Resale rights for artists: a worthy debate

The sale of the painting “Past Times” of the Afro-American artist Kerry James Marshall for $21M (ie 800 times its original price) by Sotheby’s last March gave Marshall the title of the “highest paid living Afro-American artist”. It’s not thanks to this particular sale since the artist didn’t get paid at all. Of course he’s doing well and can benefit from this increase of his prices during his lifetime since he’s still living and creating. But the huge gap between the original price and its new one in 20 years, raises again the question of resale rights.

Indeed contemporary artists do not benefit directly of this type of sale because a global regulation that preserves them is still missing (list of countries providing resale rights). In the US or China, leaders on the market, there isn’t any regulation in force that recognizes the Artist’s Resale Right.

Screen Shot 2018-08-08 at 9.52.44 AM.pngFrance was the first country providing for the A.R.R. when, in 1920, “Droit de suite” was introduced. The right’s origins date back to the experience of the family of the French painter Jean-François Millet. After his death in 1875, his painting “L’Angelus” was sold for $150,000 and his destitute family never saw a penny. Still, the royalties are capped and in Europe, Marshall  would have made a bit less than $15,000 according to the current legislation.

Isn’t it fair that auction houses and dealers share some parts of the benefits with artists from whom they profit?

Many people think so and the online platform Feral Horses is among them. Feral Horses aims to democratize the art market by allowing art lovers to co-own contemporary artworks, and by helping contemporary artists to establish themselves and be repaid for their work.  With Feral Horses, artists are given the opportunity to make IPOs of their artwork on the “Primary Market” and once an artwork reaches a sales target set by artists themselves, it has access to the “Secondary Market”, where investors are free to exchange their shares. Artists get a total of 90% from the sale, with a commission of only 10%.

In 2015, the 2014 American Royalties Too Act (ART) failed to pass and a regulation on the subject in the US is not likely to happen soon. The arguments against the artist’s resale right are that it will have a detrimental effect on global art markets, lowering prices, reducing sales volumes and generally making markets less competitive. They also claim it places a heavy burden on art professionals.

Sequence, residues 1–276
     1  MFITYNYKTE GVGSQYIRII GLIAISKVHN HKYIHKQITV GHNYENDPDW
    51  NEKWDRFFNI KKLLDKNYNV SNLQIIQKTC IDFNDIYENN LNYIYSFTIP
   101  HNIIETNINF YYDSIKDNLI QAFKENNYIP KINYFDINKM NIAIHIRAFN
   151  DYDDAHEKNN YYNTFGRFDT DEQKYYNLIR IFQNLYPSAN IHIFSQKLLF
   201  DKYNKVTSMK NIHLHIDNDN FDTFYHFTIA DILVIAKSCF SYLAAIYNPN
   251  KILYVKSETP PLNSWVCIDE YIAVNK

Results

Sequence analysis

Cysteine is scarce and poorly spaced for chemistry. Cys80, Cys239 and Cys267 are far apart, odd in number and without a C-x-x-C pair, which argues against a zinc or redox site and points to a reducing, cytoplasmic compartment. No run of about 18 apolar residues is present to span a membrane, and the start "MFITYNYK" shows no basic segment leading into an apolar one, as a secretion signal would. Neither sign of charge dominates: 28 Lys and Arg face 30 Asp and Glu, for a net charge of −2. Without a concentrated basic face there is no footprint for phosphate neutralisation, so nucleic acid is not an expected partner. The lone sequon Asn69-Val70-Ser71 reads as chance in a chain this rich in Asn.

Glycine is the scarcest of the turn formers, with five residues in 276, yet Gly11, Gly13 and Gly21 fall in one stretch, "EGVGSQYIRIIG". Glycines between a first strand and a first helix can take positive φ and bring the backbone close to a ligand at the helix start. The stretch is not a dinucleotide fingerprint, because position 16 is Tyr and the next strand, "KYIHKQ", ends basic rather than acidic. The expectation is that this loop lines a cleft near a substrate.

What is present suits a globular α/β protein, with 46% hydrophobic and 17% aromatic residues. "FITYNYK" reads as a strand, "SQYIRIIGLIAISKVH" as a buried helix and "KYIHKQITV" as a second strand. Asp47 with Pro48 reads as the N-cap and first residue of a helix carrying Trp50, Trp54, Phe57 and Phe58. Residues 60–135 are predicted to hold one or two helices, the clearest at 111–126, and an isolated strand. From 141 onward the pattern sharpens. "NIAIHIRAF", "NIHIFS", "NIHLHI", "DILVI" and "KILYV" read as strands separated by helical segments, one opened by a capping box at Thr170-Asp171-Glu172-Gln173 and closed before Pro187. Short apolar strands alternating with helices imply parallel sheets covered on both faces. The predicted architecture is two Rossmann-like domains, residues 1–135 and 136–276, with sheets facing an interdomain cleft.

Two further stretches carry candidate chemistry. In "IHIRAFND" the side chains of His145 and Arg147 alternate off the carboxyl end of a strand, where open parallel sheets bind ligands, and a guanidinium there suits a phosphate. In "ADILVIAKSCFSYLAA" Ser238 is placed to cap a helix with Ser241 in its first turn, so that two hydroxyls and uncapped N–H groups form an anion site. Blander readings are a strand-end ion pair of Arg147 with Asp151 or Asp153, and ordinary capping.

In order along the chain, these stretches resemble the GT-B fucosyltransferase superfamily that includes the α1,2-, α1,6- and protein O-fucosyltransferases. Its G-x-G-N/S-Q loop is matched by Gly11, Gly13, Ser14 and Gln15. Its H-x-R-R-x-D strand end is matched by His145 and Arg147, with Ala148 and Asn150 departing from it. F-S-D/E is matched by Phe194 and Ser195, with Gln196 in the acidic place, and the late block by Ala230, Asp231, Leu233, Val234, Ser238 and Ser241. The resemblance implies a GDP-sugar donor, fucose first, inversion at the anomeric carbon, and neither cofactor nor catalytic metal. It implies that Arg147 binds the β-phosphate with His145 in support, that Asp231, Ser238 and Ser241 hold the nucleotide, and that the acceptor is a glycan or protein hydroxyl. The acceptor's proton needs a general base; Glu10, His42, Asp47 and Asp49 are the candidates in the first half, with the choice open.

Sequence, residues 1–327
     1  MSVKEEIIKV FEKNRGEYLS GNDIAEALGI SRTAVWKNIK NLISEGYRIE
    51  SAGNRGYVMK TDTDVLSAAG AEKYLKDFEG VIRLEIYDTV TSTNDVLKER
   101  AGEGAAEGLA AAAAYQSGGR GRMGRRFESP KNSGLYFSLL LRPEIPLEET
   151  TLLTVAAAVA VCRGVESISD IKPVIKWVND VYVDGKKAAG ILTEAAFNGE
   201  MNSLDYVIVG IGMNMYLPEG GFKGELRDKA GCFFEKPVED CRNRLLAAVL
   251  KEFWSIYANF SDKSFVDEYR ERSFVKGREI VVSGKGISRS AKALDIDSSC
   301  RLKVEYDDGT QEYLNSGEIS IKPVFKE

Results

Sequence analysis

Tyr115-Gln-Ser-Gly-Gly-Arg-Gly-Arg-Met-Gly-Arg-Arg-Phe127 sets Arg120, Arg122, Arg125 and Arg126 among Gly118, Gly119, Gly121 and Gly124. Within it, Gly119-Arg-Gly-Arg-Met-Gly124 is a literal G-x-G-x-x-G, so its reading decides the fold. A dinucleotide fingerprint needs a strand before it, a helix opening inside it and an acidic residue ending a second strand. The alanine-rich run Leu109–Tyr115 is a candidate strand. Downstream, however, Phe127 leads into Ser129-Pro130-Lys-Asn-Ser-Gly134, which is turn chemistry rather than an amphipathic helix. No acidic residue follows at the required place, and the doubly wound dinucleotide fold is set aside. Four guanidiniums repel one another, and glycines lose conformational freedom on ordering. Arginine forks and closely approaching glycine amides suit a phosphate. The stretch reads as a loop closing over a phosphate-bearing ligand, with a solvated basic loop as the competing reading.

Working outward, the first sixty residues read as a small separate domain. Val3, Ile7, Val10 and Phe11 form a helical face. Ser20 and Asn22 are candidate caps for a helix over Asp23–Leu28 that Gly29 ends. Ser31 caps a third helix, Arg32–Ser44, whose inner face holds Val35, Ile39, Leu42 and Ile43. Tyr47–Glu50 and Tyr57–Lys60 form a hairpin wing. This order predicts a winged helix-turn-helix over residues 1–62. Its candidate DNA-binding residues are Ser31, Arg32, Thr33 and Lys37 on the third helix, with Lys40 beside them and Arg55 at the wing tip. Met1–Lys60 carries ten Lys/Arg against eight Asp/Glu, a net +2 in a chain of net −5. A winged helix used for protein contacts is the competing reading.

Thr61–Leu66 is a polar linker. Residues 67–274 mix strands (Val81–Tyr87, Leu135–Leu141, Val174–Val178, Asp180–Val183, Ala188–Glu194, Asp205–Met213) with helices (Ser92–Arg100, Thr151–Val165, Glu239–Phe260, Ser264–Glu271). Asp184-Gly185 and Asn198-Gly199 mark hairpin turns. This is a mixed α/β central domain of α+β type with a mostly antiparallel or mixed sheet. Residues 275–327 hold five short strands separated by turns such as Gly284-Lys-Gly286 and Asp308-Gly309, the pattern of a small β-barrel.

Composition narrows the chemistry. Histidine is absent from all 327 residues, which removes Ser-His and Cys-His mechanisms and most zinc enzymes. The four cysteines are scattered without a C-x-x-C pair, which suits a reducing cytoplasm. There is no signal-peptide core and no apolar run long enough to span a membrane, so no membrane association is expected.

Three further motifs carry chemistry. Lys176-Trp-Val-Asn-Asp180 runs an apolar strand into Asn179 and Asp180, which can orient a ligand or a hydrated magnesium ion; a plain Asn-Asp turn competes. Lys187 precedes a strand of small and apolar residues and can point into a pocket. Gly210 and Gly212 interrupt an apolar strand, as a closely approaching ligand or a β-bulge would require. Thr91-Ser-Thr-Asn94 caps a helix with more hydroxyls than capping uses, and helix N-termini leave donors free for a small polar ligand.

As mentioned in the article by Catherine Jewell in the World Intellectual Property Organization (WIPO) Magazine, other issues are that “the artist’s resale right, where it exists, is payable to living artists and usually for up to 70 years after their death. It is an “inalienable” right, meaning that it belongs to artists and their heirs and cannot be sold or waived. But are there circumstances under which it makes sense for an artist to be able to transfer the right to a third party, such as an art foundation? Who is responsible for paying the resale royalty – the buyer or the seller? What is an appropriate royalty rate? And what should be the basis for its calculation – the sales price or the auction price?”

These questions and many others will keep art professionals, lobbyists and policymakers busy in the years to come.

Initiative as the ones of Feral Horses certainly contribute in a positive direction. For all artists, an advice I received from art dealer Michael Findlay, director at Aquavella Galleries and former International Director of Fine Arts and a member of Christie’s Board of Directors is “Invest in yourself! Of course if you don’t sell the question is irrelevant but as soon as you do, do not give away all your best work to the dealer even if they pressure you. Keep a few for the future you or your children”.

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